Showing posts with the label intent

A structural model for Identity based on certification, recognition, reputation and anonymity.

I have been thinking for a while about a model that describes the interdependencies between public, private, identity, reputation and privacy (laws).  This is mostly driven by the need to try and find an approach to define different types of “identity” based on characteristics that have some degree of stability and repeatability. The first “public” version of this model is represented in hand drawing below, and I would love feedback, input and criticism.   The vertical axis represents the perceptions of how people can be perceived by everyone else; this provides a range from a private citizen (general public) to a public figure (politician). The horizontal axis represents the how we conduct ourselves from being a private self (protected) to being public (15 seconds of fame) The quadrants are defined by the extremes of the axis definitions as follows: Obscurity - a private citizen who wants to remain private. An example at an extreme is a hermit, but this category tries to incorporate

Loyalty is dead in an intention economy!

source : Andy Land, Vice President of Marketing from unBoundID makes a case in the blog for Identity as a product.  I question the position that links trust and knowledge to Loyalty.  Loyalty is a about distorting economics.    If loyalty is just about increasing margin and contribution from the user (customer) then the only person who benefits is the company.... As we move to the potential that users can define their own terms and provide an intention that others can bid for, where is loyalty.  However Identity still exists.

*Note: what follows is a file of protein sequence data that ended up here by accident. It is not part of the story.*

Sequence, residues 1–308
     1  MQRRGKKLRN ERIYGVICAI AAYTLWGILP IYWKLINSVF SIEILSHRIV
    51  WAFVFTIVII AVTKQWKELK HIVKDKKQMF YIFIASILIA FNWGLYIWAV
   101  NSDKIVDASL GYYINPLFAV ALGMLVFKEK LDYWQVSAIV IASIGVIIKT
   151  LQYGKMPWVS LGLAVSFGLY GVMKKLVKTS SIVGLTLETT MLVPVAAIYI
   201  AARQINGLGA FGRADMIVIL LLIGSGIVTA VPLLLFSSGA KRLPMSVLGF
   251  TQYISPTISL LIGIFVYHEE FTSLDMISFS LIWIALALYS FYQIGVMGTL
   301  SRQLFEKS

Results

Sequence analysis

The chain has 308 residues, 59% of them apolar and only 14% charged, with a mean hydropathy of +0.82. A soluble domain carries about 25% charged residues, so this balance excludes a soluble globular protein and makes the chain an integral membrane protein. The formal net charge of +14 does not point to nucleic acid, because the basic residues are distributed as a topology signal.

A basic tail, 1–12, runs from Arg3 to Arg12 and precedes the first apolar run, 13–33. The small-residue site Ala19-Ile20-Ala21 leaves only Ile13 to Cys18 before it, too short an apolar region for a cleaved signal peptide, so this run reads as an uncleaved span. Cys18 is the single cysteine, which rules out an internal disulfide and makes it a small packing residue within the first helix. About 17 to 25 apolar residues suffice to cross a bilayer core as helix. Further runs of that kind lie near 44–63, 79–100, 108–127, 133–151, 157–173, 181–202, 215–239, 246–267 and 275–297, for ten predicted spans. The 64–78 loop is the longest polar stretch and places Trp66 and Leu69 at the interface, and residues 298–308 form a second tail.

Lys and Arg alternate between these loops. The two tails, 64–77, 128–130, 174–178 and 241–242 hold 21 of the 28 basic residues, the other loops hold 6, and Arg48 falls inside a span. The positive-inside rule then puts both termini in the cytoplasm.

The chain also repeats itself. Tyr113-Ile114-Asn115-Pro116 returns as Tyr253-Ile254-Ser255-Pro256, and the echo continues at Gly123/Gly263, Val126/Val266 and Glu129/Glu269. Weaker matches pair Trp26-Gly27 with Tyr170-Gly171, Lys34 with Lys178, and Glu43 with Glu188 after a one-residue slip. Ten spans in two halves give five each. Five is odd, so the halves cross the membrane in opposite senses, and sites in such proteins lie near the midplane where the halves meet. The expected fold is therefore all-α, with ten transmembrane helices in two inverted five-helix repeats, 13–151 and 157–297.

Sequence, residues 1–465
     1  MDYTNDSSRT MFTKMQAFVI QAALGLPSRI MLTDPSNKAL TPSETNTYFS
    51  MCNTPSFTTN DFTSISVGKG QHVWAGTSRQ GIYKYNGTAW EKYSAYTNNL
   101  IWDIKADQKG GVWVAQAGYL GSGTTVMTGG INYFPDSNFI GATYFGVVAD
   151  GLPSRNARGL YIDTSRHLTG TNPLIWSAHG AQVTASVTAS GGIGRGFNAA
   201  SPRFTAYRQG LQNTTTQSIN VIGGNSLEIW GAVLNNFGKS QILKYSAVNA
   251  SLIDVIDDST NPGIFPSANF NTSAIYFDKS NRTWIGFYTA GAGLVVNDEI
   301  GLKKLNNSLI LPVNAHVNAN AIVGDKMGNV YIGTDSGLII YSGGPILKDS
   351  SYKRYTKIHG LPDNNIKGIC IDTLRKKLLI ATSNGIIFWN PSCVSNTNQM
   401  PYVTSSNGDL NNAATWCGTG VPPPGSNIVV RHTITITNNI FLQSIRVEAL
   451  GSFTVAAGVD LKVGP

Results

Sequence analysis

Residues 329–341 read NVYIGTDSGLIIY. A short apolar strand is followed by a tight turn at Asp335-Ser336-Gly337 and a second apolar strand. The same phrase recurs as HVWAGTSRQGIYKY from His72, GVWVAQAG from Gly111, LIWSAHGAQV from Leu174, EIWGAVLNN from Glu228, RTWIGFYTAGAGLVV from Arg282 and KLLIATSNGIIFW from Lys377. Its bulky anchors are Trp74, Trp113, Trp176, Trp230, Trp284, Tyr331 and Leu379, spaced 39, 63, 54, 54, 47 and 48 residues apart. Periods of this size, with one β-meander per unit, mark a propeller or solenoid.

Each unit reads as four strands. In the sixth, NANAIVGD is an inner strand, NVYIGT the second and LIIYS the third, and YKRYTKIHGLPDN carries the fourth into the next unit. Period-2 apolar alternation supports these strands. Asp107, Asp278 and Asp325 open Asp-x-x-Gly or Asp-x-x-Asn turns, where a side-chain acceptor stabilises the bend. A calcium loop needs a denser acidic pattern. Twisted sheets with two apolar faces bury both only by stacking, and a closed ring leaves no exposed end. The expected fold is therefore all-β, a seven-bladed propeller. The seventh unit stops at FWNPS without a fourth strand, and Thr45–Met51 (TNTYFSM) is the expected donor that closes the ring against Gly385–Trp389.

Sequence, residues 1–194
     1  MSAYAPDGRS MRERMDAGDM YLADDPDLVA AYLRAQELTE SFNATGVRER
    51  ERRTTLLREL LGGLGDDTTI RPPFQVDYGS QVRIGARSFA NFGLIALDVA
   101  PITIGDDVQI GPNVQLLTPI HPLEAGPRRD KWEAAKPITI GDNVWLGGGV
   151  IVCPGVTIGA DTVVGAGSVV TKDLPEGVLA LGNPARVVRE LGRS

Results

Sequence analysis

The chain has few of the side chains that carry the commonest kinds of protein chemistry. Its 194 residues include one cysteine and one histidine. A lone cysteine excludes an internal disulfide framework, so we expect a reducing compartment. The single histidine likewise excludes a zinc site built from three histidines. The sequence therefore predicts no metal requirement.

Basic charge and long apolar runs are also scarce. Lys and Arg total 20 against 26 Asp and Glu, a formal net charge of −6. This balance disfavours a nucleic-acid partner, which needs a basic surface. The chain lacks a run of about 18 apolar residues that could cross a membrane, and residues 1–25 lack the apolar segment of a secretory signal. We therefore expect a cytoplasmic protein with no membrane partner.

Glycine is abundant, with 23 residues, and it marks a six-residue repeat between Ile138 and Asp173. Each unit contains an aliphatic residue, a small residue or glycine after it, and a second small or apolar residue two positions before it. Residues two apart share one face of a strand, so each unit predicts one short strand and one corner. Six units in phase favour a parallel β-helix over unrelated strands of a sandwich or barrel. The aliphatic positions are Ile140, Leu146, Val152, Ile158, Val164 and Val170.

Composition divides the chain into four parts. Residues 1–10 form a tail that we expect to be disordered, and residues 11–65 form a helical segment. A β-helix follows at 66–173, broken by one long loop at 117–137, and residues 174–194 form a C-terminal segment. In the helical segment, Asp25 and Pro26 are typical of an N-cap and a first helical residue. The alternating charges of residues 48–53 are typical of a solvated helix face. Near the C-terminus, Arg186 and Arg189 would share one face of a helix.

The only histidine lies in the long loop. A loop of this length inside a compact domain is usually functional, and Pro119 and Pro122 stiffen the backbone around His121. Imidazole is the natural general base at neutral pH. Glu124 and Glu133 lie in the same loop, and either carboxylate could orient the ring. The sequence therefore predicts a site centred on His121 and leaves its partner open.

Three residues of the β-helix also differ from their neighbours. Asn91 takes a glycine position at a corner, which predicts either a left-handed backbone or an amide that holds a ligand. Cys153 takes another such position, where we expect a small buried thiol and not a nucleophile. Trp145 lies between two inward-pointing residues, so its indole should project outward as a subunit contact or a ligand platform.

You are the product, but what signal is the product giving off about what it intends to do?

source : The NYT ran a Sunday article ( a while ago)  on how you are the product of Facebook as the customer is the advertiser.  Whilst this is not new, it is good to see it being aired in public.  However what the article missed is that the search is on for the right signal that allows me to know what you intend to do - as this is perceived to have the greatest economic benefit (this weeks thinking) We have moved from knowing what you did and when and using the analysis of that data as a poor predictor; (but has significant economic value c $5bn) to seeing what signals you are giving off that shows me what you intend to do.  Yes we are trying to understand who influences you and who you influence as these are good economic predictors as well; but there is nothing like knowing what you are about to spend real "cash" on.    Thinking further as we develop new curre

The question is not what data can I get or what can I do with it....

image from It may or may not be true that social media companies know more about us than our Government.  However what is known is that we are generating more data that can be tracked (aka one element of the digital footprint).  We know that value comes from how companies analyse this data and then use it to influence you in some purchase decision.  To increase the value companies are then trying to close the loop by understanding what influenced you and how you influence your social group. Johanna Blakley did an excellent TedTalk on the end of gender and how our current views of segmentation only provide a "distorted mirror of life".  In summary she says that ridged segmentation based on old school demographics is restrictive as it labels and define us assuming us all have similar behaviour, taste, likes and are predictable - based on your demographics and buckets.  This is however different to Dan Ariely views from "Predictab

Privacy Day - why we may have the wrong model!